epoxy and lots of weights.

                            Nels

                            "Steven" wrote: >
                            > HI,
                            >
                            > Let me rephrase my original post. I have the seams taped and epoxied.
                            I want to go with polyester over the epoxy. So th epoly would be
                            grabbing onto the epoxy (which I am becoming more of the opinion doesn't
                            work from the reading I have been doing).
                            >
                            > At this time most of the wood is still bard except at the seams which
                            are already taped with epoxy.
                            >
                            > Thanks
                            > Steven




                            [Non-text portions of this message have been removed]
                          • john colley
                            I have heard that poly does not stick to epoxy.But why mix products? epoxy is far more superior in all aspects other than uv tolerance.   There is magic in
                            Message 13 of 28 , Jul 27, 2013
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                              I have heard that poly does not stick to epoxy.But why mix products? epoxy is far more superior in all aspects other than uv tolerance.



                               
                              "There is magic in the feel of a paddle and the movement of a canoe, a magic compounded of distance, adventure, solitude, and peace."
                              -Sigurd Olson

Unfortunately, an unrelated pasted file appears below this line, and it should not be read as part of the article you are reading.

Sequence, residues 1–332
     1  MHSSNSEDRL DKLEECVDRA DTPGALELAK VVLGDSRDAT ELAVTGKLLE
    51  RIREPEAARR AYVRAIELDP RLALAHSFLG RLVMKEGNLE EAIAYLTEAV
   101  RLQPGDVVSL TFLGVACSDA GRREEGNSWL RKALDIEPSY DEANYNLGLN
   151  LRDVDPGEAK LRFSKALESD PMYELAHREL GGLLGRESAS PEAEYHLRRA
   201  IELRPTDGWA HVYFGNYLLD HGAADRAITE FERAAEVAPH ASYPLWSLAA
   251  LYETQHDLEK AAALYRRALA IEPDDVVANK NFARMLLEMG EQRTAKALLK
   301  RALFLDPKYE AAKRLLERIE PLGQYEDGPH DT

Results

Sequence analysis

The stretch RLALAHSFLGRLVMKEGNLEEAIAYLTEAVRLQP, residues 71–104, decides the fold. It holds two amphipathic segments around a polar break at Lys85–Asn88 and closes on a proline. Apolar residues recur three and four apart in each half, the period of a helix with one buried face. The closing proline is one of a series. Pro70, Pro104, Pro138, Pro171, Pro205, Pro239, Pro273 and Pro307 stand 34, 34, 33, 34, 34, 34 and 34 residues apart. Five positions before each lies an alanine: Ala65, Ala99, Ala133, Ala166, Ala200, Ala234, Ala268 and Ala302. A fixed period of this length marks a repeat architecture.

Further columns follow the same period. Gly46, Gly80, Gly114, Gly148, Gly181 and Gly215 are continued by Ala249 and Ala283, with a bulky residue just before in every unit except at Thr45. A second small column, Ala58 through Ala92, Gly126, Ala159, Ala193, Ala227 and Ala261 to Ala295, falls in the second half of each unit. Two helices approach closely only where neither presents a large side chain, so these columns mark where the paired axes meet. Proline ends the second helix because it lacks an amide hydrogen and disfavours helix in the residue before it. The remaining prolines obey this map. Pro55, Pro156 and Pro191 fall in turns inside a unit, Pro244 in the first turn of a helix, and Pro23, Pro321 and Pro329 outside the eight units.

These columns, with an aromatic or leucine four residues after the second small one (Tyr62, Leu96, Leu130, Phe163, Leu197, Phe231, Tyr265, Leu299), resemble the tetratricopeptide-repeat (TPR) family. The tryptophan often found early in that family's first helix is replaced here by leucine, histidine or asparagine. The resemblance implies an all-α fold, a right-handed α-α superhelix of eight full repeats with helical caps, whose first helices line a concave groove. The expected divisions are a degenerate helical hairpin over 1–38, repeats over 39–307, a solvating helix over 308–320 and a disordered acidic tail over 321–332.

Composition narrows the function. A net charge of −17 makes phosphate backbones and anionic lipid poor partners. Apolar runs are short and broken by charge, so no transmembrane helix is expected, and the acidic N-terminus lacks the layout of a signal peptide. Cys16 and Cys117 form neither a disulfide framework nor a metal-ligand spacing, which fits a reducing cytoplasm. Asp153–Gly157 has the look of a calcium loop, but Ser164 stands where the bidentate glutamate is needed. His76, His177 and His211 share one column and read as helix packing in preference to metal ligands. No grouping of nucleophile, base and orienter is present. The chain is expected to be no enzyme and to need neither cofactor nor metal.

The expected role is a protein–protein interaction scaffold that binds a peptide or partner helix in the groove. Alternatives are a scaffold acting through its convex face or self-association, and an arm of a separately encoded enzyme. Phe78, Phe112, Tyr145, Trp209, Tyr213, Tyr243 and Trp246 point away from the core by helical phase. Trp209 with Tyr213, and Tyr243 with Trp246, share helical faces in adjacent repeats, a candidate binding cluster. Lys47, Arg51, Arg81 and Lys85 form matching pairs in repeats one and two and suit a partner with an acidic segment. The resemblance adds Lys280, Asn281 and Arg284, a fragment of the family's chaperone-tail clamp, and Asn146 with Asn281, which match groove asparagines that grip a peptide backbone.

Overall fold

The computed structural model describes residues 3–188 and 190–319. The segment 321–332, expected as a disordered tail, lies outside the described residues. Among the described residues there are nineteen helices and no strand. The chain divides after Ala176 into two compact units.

________________________________
                              From: Steven <sdantonio93@...>
                              To: Michalak@yahoogroups.com
                              Sent: Saturday, 27 July 2013 12:46 AM
                              Subject: [Michalak] Bolger Afterthoughts - like after Featherwind (Re: Epoxy Vs: Polyester Resin.)



                               
                              HI,

                              Let me rephrase my original post. I have the seams taped and epoxied. I want to go with polyester over the epoxy. So th epoly would be grabbing onto the epoxy (which I am becoming more of the opinion doesn't work from the reading I have been doing).

                              At this time most of the wood is still bard except at the seams which are already taped with epoxy.

                              Thanks
                              Steven

                              --- In Michalak@yahoogroups.com, "sirdarnell" <sirdarnell@...> wrote:
                              >
                              > Lightly sand to provide some tooth for the epoxy to grab onto. Fillets on either side will add extra bonding.
                              >
                              > --- In Michalak@yahoogroups.com, "Steven" <sdantonio93@> wrote:
                              > >
                              > > Thank you all for the comments.
                              > >
                              > > One last question. How well does epoxy adhere to polyester? I assume I would glass the bottom before putting on the skids, so I doubt I could use tightbond III to glue the skids to polyester, which leaves only epoxy to put them on.
                              > >
                              > > I can only assume glassing over a bottom with three skids would be a nightmare.
                              > >
                              > > Steven
                              > >
                              >




                              [Non-text portions of this message have been removed]
                            • Andres Espino
                              Epoxy bonds well to Polyester but Polyester does not bond to epoxy.  This chemical bnd occurs while the catelatic action is happening so i guess the chemicals
                              Message 14 of 28 , Jul 31, 2013
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                                Epoxy bonds well to Polyester but Polyester does not bond to epoxy.  This chemical bnd occurs while the catelatic action is happening so i guess the chemicals in epoxy are more versitile or something.